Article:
Jeff Green | Oct 01, 2009
Back to HomeFeature Article - October 1, 2009 New OPP community officer walks the walkBy Jeff Green
Sgt. Jim Birtch prefers walking to driving around in a cruiser all day, which makes him a bit of an anomaly with the Ontario Provincial Police.
“I like walking the streets. In municipal policing you walk an hour a day; I’ve never seen an OPP officer get out of a car yet, oh, except at a Tim Horton's.”
Jim Birtch, who took over as Community Sergeant at the Sharbot Lake satellite detachment (affiliated with the Perth detachment) back in June, knows something about walking a beat.
He worked a beat in his home town of Carleton Place for many years before the OPP took over the local force some five years ago, and has been working for the OPP ever since.
Aside from the matter of walking instead of driving, Birtch likes what the OPP has done for Carleton Place, and he is also happy to be working, at his own request, at the Sharbot Lake satellite detachment. He is also hoping to get out on the streets of the small villages in Central and North Frontenac to do a bit of walking, although he has found that some of the distances are somewhat daunting.
“I had [Officer] Chuck Peterkin take me around the township,” he told members of North Frontenac Council at a courtesy visit he made to their meeting last Thursday, September 24, “and I never thought I'd get back.”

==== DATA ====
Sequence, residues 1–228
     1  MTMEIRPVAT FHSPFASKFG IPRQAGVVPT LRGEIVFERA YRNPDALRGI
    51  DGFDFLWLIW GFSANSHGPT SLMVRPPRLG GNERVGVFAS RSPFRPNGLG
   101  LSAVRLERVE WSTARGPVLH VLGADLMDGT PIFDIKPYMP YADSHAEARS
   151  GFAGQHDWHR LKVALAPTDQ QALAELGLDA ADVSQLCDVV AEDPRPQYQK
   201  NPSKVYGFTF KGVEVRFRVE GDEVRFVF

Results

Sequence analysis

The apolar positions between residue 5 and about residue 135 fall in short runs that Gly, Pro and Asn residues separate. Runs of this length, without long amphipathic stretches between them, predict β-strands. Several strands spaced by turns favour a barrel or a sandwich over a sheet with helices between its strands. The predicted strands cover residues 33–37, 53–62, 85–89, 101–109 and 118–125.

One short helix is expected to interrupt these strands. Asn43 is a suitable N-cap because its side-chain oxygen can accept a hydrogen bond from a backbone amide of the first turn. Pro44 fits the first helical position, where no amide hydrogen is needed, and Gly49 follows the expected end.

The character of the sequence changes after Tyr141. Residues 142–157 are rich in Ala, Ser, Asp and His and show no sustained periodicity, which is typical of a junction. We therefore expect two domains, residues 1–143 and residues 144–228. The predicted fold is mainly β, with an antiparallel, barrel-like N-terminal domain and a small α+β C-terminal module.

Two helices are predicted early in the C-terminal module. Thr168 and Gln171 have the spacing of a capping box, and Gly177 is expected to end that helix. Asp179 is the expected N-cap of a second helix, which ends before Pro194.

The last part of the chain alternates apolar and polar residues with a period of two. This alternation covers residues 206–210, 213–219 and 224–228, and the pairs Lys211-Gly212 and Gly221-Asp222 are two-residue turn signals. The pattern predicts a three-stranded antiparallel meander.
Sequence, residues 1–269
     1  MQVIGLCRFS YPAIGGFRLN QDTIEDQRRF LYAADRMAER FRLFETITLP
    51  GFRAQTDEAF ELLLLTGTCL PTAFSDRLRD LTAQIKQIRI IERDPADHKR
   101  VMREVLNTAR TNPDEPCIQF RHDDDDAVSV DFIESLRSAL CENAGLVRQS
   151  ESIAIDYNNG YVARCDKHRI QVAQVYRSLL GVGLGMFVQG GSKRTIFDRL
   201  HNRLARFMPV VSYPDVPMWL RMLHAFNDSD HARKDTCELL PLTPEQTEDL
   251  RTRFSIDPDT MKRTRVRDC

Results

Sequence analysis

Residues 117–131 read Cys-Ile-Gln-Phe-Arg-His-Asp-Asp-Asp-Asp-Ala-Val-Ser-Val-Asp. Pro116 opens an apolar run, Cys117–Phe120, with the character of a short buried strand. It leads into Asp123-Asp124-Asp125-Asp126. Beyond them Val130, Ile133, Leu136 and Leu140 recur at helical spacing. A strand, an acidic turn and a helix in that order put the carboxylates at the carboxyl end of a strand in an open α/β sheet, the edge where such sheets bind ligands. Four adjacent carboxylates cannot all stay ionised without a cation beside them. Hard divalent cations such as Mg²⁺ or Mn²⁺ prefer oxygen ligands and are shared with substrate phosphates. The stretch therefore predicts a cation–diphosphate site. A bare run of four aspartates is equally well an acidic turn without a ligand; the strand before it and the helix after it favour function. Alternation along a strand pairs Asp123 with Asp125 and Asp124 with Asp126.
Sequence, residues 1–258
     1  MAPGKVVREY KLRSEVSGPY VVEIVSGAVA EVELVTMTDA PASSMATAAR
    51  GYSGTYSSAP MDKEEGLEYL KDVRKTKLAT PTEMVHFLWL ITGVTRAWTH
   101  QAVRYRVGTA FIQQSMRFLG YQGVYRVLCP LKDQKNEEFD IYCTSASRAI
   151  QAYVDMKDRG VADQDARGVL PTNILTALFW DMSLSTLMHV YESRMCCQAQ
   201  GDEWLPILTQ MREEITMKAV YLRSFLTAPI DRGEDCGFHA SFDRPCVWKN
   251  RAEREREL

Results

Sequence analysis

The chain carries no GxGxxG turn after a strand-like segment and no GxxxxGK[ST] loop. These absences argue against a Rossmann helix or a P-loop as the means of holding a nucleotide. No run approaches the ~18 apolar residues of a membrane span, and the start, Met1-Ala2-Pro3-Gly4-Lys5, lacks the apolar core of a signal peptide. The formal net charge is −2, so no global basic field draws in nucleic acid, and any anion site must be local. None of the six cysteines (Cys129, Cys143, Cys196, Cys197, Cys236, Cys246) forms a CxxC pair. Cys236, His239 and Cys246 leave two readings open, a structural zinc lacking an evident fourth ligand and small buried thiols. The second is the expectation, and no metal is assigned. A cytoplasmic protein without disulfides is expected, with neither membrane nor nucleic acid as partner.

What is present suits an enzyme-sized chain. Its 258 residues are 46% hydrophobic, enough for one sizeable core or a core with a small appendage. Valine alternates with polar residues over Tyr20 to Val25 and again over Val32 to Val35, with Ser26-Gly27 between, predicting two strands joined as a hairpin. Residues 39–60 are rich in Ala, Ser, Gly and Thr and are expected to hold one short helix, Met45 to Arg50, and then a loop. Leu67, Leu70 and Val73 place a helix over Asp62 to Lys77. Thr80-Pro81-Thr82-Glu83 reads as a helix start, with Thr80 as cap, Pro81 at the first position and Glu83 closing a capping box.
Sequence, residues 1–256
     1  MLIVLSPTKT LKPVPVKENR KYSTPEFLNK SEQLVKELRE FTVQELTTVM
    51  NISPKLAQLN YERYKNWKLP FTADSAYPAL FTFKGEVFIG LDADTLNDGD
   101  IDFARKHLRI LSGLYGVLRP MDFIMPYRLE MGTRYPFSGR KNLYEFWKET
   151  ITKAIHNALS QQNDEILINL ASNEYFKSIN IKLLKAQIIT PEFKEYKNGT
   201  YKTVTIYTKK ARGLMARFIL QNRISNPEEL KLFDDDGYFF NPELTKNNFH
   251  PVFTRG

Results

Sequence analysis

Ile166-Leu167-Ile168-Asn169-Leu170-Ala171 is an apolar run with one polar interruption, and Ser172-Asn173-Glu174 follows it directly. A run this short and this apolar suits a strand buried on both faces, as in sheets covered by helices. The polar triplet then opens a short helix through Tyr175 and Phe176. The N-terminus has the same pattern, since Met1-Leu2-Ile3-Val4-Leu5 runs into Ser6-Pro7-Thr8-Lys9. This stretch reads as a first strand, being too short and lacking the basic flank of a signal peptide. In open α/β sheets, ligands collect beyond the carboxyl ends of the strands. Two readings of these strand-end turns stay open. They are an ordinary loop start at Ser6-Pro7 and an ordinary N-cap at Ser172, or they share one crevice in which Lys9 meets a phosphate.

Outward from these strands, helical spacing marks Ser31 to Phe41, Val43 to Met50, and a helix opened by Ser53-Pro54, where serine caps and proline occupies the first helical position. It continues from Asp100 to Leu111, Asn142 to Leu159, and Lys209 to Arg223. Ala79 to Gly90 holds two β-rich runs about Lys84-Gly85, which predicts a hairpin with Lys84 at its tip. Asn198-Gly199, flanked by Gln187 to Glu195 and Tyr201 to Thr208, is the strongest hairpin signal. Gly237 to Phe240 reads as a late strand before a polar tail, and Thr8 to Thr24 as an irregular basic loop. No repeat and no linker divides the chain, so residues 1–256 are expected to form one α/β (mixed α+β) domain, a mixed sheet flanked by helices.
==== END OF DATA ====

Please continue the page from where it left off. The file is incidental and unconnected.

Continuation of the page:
Birtch said that his job is to work with the communities, to be the public face of the OPP in the two townships, and this is something that he has enjoyed doing throughout his career. “Community policing is what I like the most, and I think people like to see police in their communities; it adds something,” he said.
There are supposed to be eight officers assigned to Sharbot Lake, in addition to Birtch and Court Officer Carl Wagar, enough to keep a single cruiser on the road 24 hours a day, but with illnesses, leave and transfers, there have been difficulties getting that many people assigned to the detachment. Two new officers will be arriving in November, which will bring the total to seven.
“I know there were a lot more officers here when Sharbot Lake was a stand-alone detachment,” he said, “but I can assure council that the officers who are assigned to this detachment do work here. Their locker is in Sharbot Lake, and that is where their guns and equipment are stored. So they must begin and end their shift in Sharbot Lake; they cannot check in from somewhere else.”
While Jim Birtch said he has been tied down somewhat with administrative matters at the Sharbot Lake detachment since arriving in early June, he is now taking the opportunity to put a more public face to the unit.
STUFF A CRUISER FOR THE FOOD BANK: To that end, and to support the North Frontenac Food Bank, on Saturday, October 17, the Sharbot Lake detachment will be sponsoring a “Stuff The Cruiser” event at the Sharbot Lake Freshmart. A cruiser will be parked near the store, and shoppers will be invited to purchase extra food to “stuff” into the cruiser. All donated food will be brought across the street to the Food Bank headquarters at St. Andrew’s Anglican Church.
Sgt. Birtch has organized Stuff The Cruiser events at other locations, but this will be a first for Sharbot Lake.